Type 1 and Pregnancy

One of my best friends just had her second daughter and no one does pregnancy or labors quite like she does. She doesn’t make it seem like the easiest thing on the planet, but she definitely makes it look manageable. While sitting in the waiting room, I started to think about when I decide to get to that point in my life and what that might look like.

I am in no rush to get pregnant, not because I don’t want children, but because being a diabetic makes pregnancy a little less fun. Right now, I can live my life as normal as any other person I just have to check my blood sugars and bolus for my meals. When I get pregnant, I have to be on the world’s strictest diet, be extra crazy about my blood sugars, and worry about the costs of seeing both my OB/GYN and my Endocrinologist on a regular basis. I decided to do some research on what being pregnant with Type 1 diabetes (T1D) would look like for those of you who are curious like myself and for those of you who may be looking into this next avenue of life.

If you are thinking about getting pregnant and have preexisting diabetes be prepared to become anal retentive about checking your blood sugars. Your blood sugar control is the key to a happy and healthy you and baby during your pregnancy. Talk with you endocrinologist about what they would like your A1c levels to be before and during your pregnancy. When you are planning on getting pregnant you want your A1c to be around 6%, but again, talk with your physician, my endocrinologist suggests 6.5%. If your A1c is higher than this and you are struggling to get your numbers under control can I suggest a continuous glucose monitor (CGM)? I loved using the Dexcom. It really helped me notice my trends and learn how to keep a steady line rather than ride the whip as we call it in my diabetes group.

For those of you like me who would rather have an oops baby over a planned one. Do not freak out or feel bummed because you feel you can’t do things as you wish. I actually asked my doctor about this a while back and though it is not the “ideal” situation, you can work with your doctors to get your numbers back under control to have a healthy pregnancy. JDRF even mentioned that with today’s technology most women are not far from a healthy blood sugar range. So, don’t panic and work with your doctors if you are in the situation.

Your blood sugar levels will rise and fall throughout your pregnancy. For example, during your first trimester your body will begin to make it’s own insulin again. Researchers are researching this, but so far are not sure why this phenomenon happens. To help keep your blood sugars under control your doctor will set new blood sugar goals for you as well as put you on a strict diet to keep your numbers in a good range.

American Diabetes Association recommended levels:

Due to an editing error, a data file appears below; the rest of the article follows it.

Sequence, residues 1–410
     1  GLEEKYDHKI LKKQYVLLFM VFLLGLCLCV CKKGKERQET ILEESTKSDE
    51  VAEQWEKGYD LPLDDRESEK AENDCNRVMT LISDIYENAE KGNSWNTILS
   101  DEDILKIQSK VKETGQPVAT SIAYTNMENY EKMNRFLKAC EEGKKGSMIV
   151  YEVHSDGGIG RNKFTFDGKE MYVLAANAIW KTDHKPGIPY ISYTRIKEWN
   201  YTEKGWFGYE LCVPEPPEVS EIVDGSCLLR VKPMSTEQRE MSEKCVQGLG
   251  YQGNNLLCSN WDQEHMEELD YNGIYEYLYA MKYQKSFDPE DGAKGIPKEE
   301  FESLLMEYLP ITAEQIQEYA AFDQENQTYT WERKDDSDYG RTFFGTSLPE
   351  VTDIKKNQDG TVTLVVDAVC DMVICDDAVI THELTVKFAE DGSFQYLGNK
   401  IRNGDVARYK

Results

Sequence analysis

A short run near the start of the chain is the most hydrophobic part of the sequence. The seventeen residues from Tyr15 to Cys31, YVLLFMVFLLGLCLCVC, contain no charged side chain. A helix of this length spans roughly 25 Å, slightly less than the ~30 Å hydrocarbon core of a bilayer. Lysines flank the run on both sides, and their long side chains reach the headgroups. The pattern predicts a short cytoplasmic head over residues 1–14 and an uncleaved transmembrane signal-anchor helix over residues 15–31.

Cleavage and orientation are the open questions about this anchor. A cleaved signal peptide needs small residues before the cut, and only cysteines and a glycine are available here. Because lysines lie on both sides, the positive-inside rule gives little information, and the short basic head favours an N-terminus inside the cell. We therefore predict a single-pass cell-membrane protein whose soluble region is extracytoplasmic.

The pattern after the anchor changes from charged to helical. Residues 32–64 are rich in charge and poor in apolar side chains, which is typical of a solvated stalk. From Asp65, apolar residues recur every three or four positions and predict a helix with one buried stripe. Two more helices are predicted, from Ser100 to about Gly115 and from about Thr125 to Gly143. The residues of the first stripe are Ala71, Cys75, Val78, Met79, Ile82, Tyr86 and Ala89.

• ·      Before a meal (preprandial): 95 mg/dl or less
  • ·      1-hour after a meal (postprandial): 140 mg/dl or less
  • ·      2-hours after a meal (postprandial): 120 mg/dl or less

In your second and third trimester you will become a little more insulin resistant and have to talk to your doctor about changing your daily insulin dose. The extra hormones cause your insulin resistance, as well as, your body becoming a bit larger and your baby getting closer to the size of a baby. Also during these trimesters you will begin having ultrasounds and more than the usual amount most women have. Because of your diabetes your doctor will want to keep a closer eye on your baby and how it’s developing. On the upside of having preexisting diabetes during your pregnancy, you won’t have to take the glucose test. At least you are saving money somewhere right?

When you are in your third trimester, be sure to talk to your hospital about diabetes protocols. Such as, can you have your pump on during the birthing process? How will your blood sugars be managed during labor? And so forth. When asking my doctor about this, she mentioned that my endocrinologist office is contracted with a local hospital in town and that they will be allowed in the delivery room with my to manage my diabetes while my OB/GYN takes care of everything else. I am not a huge fan of the hospital they are contracted with, but I know that I will be thankful when the time comes and I have both my doctors there taking care of me.

Now we are getting to the main event, the birthing process. Just because you have T1D does not mean you have to have a C-section. How your child is brought into this world depends on you, your baby’s health, and your healthcare team. In most cases someone will be assigned to managing your diabetes during the laboring process, they will check your blood sugars regularly and you’ll have to endure a higher amount of finger sticks than normal. This is to make sure that you will not need carbohydrates prior to delivery in the case of an emergency C-section.

Once your baby arrives the doctors will check their blood sugars knowing you have T1D because it is common for a baby of a diabetic to have low numbers. If they do have low numbers this does not mean that they will have T1D. It is just a phenomenon that doctors are aware of and need to treat.

I am feeling a little bit more at ease after doing some research on this topic. I still am not excited about the strict diet and medical bills, but at least I know that I will have a lot of help and will have some technology on my side to help me. I am thinking that my next bit of research on this topic will be to undergo the diabetes diet and see how it goes. If I can conquer all my issues before I get to this stage of my life, then maybe once I am actually there I won’t feel so frustrated. But of course those things will be other blog posts all on their own.

If you are interested in some information on this topic here are some great resources.


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